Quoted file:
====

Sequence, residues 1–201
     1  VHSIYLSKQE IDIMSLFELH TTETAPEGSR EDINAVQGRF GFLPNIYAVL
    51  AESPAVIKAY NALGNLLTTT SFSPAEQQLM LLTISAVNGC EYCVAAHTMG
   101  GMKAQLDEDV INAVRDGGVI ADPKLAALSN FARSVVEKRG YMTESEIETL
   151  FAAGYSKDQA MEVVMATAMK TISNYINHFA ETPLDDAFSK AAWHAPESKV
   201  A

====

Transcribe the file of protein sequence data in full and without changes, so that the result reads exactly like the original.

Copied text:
Sequence, residues 1–201
     1  VHSIYLSKQE IDIMSLFELH TTETAPEGSR EDINAVQGRF GFLPNIYAVL
    51  AESPAVIKAY NALGNLLTTT SFSPAEQQLM LLTISAVNGC EYCVAAHTMG
   101  GMKAQLDEDV INAVRDGGVI ADPKLAALSN FARSVVEKRG YMTESEIETL
   151  FAAGYSKDQA MEVVMATAMK TISNYINHFA ETPLDDAFSK AAWHAPESKV
   201  A